a very good team, but they’ve struggled a little bit
in Hockey East play,” he said. “When you get
on a bad turn, it’s tough to get out of it. Providence
has had a hard time stringing together some wins, yet they
are a good team. The 2-1 loss against Boston College they
played very well in, and looking at their non-league record,
they have been impressive outside the conference. Providence
is a great transition team, they move the puck from the
defensive zone to the offensive zone very well, they have
some skilled and experienced defensemen, very good in the
net, and very dangerous in all aspects of the game. It’s
just a matter of them clicking on all cylinders, and they
can beat anyone.”
The Friars may appreciate league games
– especially league road games – more after
last weekend’s journey. They flew to Detroit, then
bussed six hours north to Sault Ste. Marie. Along the way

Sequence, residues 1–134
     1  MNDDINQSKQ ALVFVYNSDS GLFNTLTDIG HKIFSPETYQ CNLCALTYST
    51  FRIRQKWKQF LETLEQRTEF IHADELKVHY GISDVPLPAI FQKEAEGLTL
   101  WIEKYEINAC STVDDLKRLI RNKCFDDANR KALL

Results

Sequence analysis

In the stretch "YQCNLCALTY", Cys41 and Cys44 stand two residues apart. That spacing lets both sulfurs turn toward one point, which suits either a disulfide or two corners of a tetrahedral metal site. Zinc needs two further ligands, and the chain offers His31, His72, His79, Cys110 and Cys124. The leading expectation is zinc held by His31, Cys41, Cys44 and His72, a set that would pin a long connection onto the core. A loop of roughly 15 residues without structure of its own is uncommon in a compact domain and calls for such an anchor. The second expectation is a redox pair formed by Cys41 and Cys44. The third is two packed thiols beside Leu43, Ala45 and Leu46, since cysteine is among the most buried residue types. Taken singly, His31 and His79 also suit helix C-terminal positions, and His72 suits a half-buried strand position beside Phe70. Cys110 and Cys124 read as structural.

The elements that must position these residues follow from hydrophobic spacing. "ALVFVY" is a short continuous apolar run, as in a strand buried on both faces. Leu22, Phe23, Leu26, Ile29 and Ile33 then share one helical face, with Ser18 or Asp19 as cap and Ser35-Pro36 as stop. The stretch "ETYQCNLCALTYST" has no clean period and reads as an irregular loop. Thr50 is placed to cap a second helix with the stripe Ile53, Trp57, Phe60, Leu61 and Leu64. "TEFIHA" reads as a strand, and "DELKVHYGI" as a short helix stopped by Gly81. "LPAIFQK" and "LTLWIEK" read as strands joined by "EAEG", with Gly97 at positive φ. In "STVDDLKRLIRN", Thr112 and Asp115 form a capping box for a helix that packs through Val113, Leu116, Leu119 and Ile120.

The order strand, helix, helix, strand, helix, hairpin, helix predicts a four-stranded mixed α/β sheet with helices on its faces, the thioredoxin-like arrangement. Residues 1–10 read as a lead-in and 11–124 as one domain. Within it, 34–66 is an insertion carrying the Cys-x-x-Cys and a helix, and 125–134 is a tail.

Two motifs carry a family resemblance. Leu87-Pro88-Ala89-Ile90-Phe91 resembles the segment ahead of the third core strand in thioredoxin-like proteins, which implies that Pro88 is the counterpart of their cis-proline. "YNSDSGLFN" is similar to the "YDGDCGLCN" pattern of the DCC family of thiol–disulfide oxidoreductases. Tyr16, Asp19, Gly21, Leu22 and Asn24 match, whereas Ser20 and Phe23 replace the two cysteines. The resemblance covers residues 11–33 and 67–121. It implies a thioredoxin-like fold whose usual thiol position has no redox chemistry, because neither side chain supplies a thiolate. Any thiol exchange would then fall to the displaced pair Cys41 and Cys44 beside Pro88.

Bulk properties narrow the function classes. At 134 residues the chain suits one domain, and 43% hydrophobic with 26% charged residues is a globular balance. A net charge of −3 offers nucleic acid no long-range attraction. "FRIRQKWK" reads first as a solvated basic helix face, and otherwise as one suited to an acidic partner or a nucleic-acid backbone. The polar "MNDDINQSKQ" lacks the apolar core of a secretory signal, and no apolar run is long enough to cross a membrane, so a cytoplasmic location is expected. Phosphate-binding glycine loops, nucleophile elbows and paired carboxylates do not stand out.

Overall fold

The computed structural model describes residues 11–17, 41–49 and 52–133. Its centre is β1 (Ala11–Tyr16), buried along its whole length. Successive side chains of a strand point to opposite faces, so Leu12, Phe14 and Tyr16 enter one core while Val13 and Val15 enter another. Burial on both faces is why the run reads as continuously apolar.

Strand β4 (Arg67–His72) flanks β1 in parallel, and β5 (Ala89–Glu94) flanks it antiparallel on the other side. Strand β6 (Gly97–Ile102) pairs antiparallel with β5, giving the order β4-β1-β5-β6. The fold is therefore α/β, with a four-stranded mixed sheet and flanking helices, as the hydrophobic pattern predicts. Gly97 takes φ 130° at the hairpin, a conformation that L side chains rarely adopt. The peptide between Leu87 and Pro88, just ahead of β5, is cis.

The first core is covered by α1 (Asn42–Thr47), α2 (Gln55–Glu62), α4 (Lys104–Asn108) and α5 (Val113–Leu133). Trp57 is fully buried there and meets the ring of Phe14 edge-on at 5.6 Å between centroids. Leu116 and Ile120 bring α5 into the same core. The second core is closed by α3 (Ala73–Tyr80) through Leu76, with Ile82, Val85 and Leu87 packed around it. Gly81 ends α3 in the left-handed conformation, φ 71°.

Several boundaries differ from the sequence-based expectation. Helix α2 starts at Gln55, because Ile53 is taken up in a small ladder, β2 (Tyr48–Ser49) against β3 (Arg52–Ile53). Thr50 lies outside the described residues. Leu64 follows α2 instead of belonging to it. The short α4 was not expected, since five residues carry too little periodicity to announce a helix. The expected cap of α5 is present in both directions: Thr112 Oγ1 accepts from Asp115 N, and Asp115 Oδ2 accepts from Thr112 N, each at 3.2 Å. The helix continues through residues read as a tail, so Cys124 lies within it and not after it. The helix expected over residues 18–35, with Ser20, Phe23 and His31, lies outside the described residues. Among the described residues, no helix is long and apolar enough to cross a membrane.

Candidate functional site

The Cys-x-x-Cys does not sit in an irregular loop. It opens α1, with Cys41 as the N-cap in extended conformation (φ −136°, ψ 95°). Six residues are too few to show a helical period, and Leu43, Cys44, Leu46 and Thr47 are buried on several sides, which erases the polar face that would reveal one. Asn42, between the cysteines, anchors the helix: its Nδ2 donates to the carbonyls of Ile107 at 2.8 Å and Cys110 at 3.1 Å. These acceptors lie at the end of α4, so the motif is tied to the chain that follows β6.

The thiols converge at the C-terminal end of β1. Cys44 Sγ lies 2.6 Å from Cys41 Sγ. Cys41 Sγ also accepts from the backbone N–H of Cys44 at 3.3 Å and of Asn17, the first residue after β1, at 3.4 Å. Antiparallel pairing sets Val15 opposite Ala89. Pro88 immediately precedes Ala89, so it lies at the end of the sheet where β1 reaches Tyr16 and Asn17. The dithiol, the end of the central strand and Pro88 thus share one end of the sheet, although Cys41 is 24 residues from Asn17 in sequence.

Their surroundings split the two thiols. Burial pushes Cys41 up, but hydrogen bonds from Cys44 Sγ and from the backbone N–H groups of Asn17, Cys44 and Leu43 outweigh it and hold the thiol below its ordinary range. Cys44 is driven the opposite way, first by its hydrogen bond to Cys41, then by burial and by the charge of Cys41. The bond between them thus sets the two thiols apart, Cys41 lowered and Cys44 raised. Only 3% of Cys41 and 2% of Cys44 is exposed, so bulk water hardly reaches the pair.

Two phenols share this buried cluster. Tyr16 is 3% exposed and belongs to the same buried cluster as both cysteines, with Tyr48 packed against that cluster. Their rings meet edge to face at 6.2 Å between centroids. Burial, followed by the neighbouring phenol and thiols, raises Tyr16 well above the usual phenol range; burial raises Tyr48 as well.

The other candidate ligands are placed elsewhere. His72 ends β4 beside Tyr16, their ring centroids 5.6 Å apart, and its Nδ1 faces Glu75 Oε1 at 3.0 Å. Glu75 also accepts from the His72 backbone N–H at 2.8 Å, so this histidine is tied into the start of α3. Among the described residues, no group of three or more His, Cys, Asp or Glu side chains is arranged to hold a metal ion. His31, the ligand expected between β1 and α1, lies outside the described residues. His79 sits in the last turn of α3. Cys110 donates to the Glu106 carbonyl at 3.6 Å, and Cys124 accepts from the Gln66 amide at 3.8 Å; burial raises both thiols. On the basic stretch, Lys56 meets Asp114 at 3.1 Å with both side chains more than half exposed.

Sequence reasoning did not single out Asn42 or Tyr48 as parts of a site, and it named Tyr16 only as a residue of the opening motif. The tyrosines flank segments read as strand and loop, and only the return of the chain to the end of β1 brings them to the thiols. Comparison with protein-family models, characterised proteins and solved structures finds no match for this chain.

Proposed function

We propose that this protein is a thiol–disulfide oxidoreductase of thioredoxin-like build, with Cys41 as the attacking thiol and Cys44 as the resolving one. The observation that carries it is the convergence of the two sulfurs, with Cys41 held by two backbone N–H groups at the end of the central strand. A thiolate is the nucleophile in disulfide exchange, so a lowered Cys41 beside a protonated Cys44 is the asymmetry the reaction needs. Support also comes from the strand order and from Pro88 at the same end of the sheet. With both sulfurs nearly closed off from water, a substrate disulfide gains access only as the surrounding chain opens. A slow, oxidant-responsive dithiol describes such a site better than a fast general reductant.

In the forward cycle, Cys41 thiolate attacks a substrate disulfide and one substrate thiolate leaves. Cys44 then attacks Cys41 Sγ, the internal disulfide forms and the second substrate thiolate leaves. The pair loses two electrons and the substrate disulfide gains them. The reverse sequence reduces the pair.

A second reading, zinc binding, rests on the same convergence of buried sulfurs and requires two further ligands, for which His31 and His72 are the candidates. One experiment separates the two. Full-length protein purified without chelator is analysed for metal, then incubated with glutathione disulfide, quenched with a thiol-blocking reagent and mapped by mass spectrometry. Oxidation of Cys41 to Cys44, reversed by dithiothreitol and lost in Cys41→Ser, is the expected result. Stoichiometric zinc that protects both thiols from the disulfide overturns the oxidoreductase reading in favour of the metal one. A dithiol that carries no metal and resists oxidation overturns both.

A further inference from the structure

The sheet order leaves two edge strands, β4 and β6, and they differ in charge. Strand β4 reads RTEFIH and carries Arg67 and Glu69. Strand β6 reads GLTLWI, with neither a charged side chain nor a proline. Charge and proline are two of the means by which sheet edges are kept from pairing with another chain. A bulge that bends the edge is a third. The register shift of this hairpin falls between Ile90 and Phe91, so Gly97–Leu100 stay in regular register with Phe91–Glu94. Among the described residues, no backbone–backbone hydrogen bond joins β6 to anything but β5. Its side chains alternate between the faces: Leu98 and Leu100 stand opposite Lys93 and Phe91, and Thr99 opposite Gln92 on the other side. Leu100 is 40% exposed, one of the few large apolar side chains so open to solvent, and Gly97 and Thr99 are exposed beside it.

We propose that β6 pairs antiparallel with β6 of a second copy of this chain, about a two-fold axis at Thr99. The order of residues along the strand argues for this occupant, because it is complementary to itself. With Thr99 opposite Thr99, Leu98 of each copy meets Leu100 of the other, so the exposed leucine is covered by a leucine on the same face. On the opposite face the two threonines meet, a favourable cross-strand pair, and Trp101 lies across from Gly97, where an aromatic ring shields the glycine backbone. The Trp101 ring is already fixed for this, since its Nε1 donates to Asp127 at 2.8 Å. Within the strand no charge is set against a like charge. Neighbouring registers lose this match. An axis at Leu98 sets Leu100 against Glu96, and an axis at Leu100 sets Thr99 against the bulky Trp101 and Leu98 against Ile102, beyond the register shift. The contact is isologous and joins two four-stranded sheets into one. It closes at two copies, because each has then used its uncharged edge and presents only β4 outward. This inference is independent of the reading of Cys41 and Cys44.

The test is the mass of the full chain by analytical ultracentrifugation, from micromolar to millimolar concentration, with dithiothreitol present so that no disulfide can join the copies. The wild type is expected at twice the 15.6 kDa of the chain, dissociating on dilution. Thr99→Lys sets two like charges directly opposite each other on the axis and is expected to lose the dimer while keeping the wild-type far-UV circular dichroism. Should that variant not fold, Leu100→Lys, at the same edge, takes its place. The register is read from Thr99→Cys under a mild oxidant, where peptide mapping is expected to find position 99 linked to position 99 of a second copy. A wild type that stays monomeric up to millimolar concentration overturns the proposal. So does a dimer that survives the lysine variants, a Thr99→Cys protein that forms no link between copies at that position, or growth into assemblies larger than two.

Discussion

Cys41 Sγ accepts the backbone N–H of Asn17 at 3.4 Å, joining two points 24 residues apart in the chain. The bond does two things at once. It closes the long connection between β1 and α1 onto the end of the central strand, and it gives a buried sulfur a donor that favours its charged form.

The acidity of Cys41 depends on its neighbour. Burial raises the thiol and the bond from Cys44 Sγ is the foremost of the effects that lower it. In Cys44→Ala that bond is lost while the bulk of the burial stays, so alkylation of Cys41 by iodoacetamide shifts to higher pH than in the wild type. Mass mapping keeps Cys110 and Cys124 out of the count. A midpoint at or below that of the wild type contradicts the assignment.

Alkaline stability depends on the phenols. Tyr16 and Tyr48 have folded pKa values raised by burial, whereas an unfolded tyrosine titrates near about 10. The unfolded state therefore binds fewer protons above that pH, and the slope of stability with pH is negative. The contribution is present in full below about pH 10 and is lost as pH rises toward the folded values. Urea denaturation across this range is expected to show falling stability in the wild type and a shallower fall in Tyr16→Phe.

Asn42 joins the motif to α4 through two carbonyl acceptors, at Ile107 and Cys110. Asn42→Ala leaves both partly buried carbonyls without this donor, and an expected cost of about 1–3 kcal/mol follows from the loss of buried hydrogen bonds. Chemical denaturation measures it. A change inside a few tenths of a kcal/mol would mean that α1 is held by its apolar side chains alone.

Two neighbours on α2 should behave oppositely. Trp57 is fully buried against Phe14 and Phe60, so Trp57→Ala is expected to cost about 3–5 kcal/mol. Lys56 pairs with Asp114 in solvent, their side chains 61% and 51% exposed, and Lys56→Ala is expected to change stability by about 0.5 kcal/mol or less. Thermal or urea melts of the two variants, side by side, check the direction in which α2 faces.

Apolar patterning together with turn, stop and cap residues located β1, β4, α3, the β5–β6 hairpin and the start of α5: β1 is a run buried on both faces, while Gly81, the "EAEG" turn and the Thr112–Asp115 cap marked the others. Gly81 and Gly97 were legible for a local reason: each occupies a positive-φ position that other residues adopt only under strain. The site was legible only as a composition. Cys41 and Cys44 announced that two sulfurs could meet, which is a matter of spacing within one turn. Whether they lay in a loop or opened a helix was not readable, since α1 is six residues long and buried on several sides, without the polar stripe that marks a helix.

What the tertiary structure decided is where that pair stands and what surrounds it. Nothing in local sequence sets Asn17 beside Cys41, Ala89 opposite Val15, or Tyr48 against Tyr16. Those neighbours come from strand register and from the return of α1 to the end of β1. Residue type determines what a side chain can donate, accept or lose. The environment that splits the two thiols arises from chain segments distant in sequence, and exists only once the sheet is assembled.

they crossed the five-mile-long Mackinac Bridge to get to
the Upper Peninsula, a span that’s so imposing, they
have a free “Driver’s Assistance Program”
for those uncomfortable driving across it. Makes a trip
to Orono look like a hop, skip and a jump.
Red Line Report, an independent scouting newsletter
covering NHL prospects, revealed an interesting tidbit about
UMass senior Thomas Pöck in its recent
edition posted on USAToday.com. Pock, although undrafted
by an NHL team, will need to be drafted before he can sign
a professional contract, because he was playing in Europe
the year he turned 18. That makes the forward-turned-defenseman
– who many assumed be one of the nation’s most
appealing unrestricted free agents at the end of the year
– actually eligible for the 2004 NHL Entry Draft.
Red Line speculates that Pöck may be a mid-round pick,
but the opportunity to pick up a 22-year-old offensive defenseman
with room to grow in his own zone could make him a prize
in an earlier round.
Maine’s seniors enter this weekend’s
series with a 3-0-1 record against New Hampshire
at Alfond Arena. Only UNH’s Patrick Foley, who played
in a 5-4 win in 1999-2000 and redshirted the following year,